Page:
Below is one of the latest cartoons from two-time Pulitzer Prize-winner Michael Ramirez. View…
CFIF on Twitter CFIF on YouTube
Rationing in Venezuela

Below is one of the latest cartoons from two-time Pulitzer Prize-winner Michael Ramirez.

View more of Michael Ramirez’s cartoons on CFIF’s website here.…[more]

August 17, 2017 • 10:23 am

Liberty Update

CFIFs latest news, commentary and alerts delivered to your inbox.
Jester's CourtroomLegal tales stranger than stranger than fiction: Ridiculous and sometimes funny lawsuits plaguing our courts.
Dodd-Frank: Ripe for Repeal Print
By Timothy H. Lee
Thursday, February 16 2017
Every dollar diverted to compliance costs at the expense of lending can't fuel a growing economy.

Stop me if you've heard this before.  It's a tragically recurring tale. 

As an economic bubble gradually forms, everything appears to be going well.  The tech sector.  The housing sector.  Healthcare.  Then inevitably, the bubble becomes unsustainable, and bursts.  A recession often ensues.  Somehow everyone seems surprised, as if things were going to be different this time.  We thought we had figured it out after the last bubble.  Hadn't new laws been passed and new bureaucracies created to prevent this from happening again?  

Terrified politicians and hyperventilating media figures immediately begin identifying scapegoats and demanding scalps.  Conveniently, those scapegoats always reside in the private sector, never mind how government mandates dictated business decisions or steered us toward the reckoning.  Blame is always placed on alleged insufficient regulation, never overregulation.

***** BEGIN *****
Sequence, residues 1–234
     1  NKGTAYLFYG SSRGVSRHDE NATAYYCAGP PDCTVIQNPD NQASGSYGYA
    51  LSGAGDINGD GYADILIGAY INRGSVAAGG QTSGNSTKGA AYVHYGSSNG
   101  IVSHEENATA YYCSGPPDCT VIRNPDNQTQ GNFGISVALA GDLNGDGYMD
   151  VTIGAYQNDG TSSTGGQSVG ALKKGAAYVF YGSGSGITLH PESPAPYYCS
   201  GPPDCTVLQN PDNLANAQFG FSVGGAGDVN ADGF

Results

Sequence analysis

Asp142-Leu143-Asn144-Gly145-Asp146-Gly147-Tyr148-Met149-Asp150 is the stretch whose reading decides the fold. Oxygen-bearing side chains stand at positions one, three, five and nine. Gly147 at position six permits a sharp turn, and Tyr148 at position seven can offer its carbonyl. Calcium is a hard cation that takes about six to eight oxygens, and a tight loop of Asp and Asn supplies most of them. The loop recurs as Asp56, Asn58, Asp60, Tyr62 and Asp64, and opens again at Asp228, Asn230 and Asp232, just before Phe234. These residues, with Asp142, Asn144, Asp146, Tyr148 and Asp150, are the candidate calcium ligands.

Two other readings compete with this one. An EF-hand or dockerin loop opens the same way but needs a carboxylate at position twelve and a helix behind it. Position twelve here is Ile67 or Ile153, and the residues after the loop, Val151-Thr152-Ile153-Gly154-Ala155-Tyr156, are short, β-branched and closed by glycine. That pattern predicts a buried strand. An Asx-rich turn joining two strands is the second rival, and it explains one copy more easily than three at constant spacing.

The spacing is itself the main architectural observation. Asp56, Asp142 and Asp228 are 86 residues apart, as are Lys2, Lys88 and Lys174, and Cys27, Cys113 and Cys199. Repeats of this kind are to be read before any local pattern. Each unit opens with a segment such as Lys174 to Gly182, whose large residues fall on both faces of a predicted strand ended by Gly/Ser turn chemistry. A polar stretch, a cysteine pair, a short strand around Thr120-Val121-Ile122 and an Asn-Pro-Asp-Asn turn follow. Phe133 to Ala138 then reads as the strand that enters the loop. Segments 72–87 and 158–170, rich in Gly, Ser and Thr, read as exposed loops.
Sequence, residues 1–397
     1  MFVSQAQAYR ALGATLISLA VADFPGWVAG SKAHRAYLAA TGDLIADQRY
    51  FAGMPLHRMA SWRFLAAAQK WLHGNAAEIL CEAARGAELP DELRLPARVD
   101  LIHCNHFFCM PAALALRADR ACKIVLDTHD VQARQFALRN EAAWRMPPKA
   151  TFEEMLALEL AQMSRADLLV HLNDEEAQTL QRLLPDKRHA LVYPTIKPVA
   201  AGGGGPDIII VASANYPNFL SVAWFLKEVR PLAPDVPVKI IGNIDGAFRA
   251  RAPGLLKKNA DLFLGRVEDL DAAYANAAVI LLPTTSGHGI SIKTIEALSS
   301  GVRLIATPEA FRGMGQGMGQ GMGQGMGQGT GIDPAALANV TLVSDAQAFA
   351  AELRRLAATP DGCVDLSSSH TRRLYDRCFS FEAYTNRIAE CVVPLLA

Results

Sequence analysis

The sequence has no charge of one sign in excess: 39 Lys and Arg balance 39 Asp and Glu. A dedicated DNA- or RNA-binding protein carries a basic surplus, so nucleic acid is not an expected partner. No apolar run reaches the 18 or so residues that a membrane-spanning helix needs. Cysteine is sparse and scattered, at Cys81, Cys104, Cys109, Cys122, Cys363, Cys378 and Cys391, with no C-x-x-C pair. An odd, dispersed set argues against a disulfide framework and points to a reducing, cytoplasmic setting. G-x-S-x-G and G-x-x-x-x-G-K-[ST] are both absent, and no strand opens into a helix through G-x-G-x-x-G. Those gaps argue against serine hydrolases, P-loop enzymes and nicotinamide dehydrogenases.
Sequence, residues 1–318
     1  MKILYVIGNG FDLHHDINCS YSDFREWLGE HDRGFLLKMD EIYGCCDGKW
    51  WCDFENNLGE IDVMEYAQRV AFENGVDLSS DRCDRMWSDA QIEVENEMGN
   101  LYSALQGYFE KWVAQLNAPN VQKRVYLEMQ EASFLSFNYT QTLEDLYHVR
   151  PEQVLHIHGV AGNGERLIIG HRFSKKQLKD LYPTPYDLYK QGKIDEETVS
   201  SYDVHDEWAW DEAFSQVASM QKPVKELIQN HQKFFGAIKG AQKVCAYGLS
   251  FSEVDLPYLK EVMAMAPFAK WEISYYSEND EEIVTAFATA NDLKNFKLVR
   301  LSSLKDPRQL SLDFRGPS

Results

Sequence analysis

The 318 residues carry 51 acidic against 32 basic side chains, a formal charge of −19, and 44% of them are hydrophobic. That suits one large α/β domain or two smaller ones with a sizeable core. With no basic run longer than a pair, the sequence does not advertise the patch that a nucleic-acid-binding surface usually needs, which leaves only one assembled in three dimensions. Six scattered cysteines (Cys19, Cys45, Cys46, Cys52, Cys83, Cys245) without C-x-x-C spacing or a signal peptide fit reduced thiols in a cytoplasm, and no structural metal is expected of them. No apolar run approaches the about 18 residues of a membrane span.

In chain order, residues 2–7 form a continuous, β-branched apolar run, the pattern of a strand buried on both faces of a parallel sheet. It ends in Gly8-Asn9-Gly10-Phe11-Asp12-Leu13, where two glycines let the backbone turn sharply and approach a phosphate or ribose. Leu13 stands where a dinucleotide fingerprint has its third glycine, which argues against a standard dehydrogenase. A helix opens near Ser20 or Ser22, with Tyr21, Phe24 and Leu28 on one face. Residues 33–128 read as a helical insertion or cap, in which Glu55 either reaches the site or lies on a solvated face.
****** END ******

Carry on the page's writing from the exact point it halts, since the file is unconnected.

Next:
Predictably, the scapegoats also happen to have deep pockets.  Trial lawyers descend like vultures, and class action lawsuits multiply.  New laws are passed.  New regulations are imposed.  New agencies are empowered.  They won't let this happen again. 

Then, a few short years later it happens again anyway.  Wash, rinse, repeat. 

Remember Sarbanes-Oxley?  Wasn't it supposed to prevent the next meltdown after the tech bubble?

Nothing, however, compares to Dodd-Frank, the mother of all unworkable, incomprehensible, suffocating and unconstitutional federal laws signed into law by Barack Obama in the wake of the government-caused housing and financial crash of 2008. 

Dodd-Frank's stated premise of targeting "too big to fail" financial institutions unsurprisingly had the opposite effect of rewarding industry titans and punishing smaller lenders.  That stands to reason, since the law's sheer volume and complexity required armies of lawyers to ensure compliance.  Big banks can live with that result, since it keeps entrants out of the marketplace.  It keeps the big banks big, and the small banks small.  It prevents new entrants to the market, and has shrunk the number of competing banks. 

In addition to having the opposite effect of its stated premise, Dodd-Frank has frozen capital as banks fear lending because of regulatory uncertainty.  That has in turn crippled the larger economy and led to the most anemic cyclical economic recovery in recorded U.S. history, as American Enterprise Institute fellow Peter Wallison has explained in The Wall Street Journal